Sli Na Bande

Bob is seated next to you. He is the silent type (rare for a Jack-Russell). You have considered giving him a scratch, although reconsider because Josh (7) has informed you that he bites. You and Bob silently enjoy the heat from the furnace and he seems to occasionally drift off to sleep. Josh and Marlene are playing Jenga on the floor behind the couch.  It is 5:30pm and completely dark outside. 

It has been nearly a week since you passed through airport security 40 times and endured lengthy interrogations by customs officers. These conversations covered everything from what you did for a living and how much money you had in your bank account. They asked you details about where you were going and how long you would be staying. Apparently, “I quit my job in order to travel the world.” is not something they are used to hearing. Furthermore, it begs the question of “why start out in Ireland….in winter?!” surely, you must be up to something. “Trust me officer, if we were intending to work, we would go to a much warmer climate.” This seemed to satisfy them.

By a great stroke of luck they did not ask whether or not you were carrying any food. If they had confiscated your organic gogi berries or your Quaker Oatmeal Squares, you would have been super pissed.

Angus fetched you from the airport, thank god, because you could not imagine what it would have been like to public-transit/hike your way to this rustic place in the dark. Instead you were weaving in and out of traffic, at night, as if you were in an ambulance. Angus assured you he was not speeding, but that other wankers were going too slowly. This may have been true, but still, as an American it jars you a bit when you glance at the speedometer and it reads 120 (that’s k/h — something you will need to get used to).

There is actually a cow-catcher at the beginning of the drive (you discovered later this was to keep Donkey and Pony from escaping).

Waking up the next day, you would have thought you were in a dream. First of all,  this place is wonderful. It is everything you thought it would be and somehow more. Sli Na Bande sits on about 4 acres of garden, a pond, several actual gardens, 3 dogs, compost bins, stables, 10 chickens, herb spirals, and a handful of wonderfully charming chalets for guests and yoga classes.

this is Bob

It is paradise. In one of the least-likely places you would expect to find paradise. Ireland in winter. Nevertheless, you are immersed in a splendid balance of luxury and “roughing-it” comprising of entire days spent outside and evenings spent indoors on armchairs with tea in front of fires.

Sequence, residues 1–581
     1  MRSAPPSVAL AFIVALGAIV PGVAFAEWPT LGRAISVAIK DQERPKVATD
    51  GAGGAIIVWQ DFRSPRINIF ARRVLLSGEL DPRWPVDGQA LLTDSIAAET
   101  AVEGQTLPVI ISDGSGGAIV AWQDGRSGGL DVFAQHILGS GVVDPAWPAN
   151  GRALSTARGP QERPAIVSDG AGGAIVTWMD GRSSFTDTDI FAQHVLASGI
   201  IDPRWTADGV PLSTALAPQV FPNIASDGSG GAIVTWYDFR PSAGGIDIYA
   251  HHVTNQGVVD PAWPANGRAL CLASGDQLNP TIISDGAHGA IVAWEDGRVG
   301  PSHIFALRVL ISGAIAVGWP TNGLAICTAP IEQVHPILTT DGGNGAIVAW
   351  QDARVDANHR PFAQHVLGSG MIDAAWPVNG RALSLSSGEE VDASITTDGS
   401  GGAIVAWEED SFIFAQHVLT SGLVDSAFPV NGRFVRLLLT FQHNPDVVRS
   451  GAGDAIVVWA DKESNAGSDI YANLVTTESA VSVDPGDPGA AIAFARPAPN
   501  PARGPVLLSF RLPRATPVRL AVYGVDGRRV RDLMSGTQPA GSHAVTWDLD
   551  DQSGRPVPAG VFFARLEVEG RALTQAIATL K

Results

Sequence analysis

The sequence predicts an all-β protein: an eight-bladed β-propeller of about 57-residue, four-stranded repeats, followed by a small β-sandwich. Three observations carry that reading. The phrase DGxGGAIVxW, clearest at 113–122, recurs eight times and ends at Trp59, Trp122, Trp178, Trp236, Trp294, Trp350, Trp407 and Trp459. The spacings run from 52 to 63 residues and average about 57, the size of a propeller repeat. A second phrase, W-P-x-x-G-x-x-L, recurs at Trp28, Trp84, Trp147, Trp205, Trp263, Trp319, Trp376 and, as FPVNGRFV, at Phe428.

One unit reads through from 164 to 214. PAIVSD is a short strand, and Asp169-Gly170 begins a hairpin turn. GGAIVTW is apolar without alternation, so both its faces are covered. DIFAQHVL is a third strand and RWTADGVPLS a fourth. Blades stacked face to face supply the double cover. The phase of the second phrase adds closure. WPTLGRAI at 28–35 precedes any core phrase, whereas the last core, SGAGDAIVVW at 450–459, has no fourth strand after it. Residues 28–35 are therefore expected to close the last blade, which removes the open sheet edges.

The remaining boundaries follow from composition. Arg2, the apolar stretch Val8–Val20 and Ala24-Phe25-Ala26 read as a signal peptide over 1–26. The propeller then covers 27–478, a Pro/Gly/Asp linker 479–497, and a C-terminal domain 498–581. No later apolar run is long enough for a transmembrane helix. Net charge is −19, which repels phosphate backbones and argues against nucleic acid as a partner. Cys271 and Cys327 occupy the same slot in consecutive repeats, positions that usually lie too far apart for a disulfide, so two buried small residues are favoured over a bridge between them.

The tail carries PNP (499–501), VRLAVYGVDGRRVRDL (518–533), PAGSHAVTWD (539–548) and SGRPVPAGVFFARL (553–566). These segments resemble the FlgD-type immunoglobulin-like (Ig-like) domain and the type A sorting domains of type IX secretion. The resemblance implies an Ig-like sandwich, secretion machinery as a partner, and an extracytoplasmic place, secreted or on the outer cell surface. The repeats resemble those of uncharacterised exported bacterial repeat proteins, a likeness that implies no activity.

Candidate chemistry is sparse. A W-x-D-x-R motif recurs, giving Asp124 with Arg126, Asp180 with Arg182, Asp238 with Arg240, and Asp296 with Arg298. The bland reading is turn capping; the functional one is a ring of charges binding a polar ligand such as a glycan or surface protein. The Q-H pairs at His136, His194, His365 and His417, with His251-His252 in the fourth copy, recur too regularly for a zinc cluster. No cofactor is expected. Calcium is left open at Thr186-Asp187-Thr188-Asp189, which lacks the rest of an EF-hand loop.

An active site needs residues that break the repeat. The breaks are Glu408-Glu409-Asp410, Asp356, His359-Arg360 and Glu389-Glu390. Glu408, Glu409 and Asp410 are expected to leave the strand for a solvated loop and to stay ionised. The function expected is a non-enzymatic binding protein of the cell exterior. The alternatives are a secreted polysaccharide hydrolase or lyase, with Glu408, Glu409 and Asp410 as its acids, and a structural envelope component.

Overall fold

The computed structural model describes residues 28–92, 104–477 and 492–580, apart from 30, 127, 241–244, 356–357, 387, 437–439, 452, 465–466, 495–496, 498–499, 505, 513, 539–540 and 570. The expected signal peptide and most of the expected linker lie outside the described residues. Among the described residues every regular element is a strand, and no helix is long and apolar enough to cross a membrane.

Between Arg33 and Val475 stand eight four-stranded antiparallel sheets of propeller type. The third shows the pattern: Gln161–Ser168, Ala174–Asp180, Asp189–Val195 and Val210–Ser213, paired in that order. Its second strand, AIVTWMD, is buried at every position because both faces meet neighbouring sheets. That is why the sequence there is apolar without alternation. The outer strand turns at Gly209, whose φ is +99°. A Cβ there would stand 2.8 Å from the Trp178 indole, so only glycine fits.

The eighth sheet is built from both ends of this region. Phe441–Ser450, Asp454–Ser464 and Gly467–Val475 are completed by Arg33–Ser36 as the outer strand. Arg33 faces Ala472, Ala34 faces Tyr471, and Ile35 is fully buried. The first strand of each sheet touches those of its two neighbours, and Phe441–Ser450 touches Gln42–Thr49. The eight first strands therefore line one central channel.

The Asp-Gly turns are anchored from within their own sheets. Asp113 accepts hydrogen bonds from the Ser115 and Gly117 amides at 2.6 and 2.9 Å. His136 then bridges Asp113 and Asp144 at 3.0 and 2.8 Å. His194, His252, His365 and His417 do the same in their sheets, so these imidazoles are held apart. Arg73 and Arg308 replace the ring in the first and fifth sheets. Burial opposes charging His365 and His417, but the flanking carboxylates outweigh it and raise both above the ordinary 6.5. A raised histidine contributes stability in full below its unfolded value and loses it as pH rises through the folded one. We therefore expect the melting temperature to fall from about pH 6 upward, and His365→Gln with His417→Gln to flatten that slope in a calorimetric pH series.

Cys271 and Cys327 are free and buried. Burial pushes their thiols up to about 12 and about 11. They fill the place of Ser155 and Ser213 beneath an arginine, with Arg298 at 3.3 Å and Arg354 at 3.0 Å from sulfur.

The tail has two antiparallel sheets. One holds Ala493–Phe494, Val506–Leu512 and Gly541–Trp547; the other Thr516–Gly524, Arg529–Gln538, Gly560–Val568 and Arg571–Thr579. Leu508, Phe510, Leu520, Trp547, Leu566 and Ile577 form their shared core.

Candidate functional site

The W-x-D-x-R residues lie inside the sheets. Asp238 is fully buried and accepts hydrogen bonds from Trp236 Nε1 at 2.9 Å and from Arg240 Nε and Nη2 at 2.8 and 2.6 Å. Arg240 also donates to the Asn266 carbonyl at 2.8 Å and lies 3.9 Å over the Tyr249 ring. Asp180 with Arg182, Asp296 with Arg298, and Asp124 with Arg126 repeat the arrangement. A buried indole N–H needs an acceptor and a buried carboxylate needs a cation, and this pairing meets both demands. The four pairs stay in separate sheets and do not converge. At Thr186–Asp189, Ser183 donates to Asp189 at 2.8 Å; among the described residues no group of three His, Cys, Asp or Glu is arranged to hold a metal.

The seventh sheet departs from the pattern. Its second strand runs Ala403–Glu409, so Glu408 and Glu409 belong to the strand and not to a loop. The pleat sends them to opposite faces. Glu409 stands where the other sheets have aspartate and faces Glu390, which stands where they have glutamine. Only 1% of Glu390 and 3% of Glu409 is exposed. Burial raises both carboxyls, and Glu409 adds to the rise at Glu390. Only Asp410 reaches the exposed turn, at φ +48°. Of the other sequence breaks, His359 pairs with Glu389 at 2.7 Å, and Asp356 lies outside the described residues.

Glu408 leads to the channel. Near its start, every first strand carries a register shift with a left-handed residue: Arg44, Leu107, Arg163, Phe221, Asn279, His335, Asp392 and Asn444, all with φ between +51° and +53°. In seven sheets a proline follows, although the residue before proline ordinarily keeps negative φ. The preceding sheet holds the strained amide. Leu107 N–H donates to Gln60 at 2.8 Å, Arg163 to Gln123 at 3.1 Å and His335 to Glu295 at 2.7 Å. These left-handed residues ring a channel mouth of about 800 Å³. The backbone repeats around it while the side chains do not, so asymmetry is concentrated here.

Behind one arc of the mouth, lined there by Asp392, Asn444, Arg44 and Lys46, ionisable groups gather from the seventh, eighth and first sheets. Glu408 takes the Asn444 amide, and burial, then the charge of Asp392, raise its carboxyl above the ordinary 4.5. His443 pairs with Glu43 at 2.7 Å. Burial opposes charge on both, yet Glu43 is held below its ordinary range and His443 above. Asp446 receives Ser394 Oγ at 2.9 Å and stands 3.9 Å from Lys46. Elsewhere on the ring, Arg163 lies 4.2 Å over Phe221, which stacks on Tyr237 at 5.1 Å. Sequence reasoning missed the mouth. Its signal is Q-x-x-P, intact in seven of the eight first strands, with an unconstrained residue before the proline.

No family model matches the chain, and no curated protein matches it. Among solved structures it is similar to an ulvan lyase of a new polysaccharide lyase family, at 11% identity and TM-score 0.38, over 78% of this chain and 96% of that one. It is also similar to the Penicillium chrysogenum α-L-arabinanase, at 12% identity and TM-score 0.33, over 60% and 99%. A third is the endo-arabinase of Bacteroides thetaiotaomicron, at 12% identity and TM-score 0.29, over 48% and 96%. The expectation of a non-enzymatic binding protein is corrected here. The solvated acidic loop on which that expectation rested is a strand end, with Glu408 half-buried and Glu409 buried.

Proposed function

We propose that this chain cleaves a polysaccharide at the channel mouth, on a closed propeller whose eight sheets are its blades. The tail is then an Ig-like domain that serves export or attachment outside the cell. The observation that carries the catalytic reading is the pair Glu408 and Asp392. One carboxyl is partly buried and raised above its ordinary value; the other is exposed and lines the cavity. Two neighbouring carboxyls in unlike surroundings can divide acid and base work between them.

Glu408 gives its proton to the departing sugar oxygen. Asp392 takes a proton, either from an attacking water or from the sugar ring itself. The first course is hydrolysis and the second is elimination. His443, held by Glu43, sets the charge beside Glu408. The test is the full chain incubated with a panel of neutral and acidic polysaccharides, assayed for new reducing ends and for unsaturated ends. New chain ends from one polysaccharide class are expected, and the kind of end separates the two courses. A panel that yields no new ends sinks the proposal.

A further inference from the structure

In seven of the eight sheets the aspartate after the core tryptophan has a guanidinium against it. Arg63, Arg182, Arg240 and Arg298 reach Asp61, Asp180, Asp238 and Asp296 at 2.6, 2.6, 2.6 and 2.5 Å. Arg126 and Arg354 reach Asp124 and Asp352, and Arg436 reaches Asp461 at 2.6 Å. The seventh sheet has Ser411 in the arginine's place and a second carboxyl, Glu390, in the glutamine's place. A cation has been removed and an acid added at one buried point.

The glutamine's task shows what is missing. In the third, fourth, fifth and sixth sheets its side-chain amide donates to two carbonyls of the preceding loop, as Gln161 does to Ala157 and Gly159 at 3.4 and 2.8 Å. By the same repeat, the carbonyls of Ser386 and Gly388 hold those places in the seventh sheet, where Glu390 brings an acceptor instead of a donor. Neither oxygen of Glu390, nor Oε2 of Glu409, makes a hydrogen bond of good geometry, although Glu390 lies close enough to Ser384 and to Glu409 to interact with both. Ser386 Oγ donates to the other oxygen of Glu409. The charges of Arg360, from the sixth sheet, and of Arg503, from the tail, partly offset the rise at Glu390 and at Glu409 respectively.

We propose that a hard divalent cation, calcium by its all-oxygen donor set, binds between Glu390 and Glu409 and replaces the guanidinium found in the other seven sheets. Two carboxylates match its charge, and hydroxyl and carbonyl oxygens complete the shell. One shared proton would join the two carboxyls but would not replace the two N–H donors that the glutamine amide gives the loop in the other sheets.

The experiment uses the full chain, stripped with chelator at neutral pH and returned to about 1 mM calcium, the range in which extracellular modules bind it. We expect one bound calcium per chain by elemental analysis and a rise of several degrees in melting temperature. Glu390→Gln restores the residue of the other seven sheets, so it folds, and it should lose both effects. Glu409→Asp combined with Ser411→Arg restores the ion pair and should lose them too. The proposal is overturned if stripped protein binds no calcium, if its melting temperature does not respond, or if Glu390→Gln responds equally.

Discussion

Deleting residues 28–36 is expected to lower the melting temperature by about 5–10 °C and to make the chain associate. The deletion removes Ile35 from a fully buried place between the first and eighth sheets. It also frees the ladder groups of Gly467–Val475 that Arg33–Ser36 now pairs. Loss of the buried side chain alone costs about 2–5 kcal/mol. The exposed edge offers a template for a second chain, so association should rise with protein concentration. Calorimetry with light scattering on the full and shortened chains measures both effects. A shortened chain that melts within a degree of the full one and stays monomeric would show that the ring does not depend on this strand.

Since you arrived you have had the pleasure of feeding and cleaning up after a group of 13 people for two days. You have shoveled and spread manure, organized compost bins, weeded, raked leaves, harvested leeks, potatoes, beets, artichoke roots, and herbs. You have reconstructed wood piles, sorted timber, fixed a rake, and found tools. You have managed to get very good at navigating the kitchen, as well as picking out edible things around the property.

You spend your days in work gloves and rain boots and every day you go to bed tired. that is really the goal, isn’t it?

The evenings are passed by cooking meals and lighting fires. Another reason why this place is paradise to you: you LOVE lighting fires. Of course, you also spend your time with your hosts, Marlene and Douglass. Marlene is a psychoanalyst and yoga instructor and Douglas owns his own company that manufactures moldings.

Your room in the attic.

You and Maria have the attic to yourselves now, although for a few days you shared it with Fabiana (a lovely former wwoofer from Brazil). The attic has a low angled ceiling, as most attics do as well as several beds up against the walls and in corners. You have a bed, an armchair, and a table with two candles on it and a skylight. It is perhaps the most bohemian/romantic space you have encountered. You can’t help but feel as though you go back in time when you climb upstairs. Aside from the electrical outlet and the overhead lighting, it is completely void of anything modern. There are wooden chairs and tables, candles, and books.

You had always thought your first post abroad would be much longer, but this is it. All you need to communicate to yourself at this point in time is that you have been given everything you were promised (so far): a wooden house, an attic space, poop, dirt, wood sorting, weed pulling, cold weather, rain, and good company.

And you could not be happier.

Published by Katie Seibert

Queer, San Francisco based, transmasc flower boi

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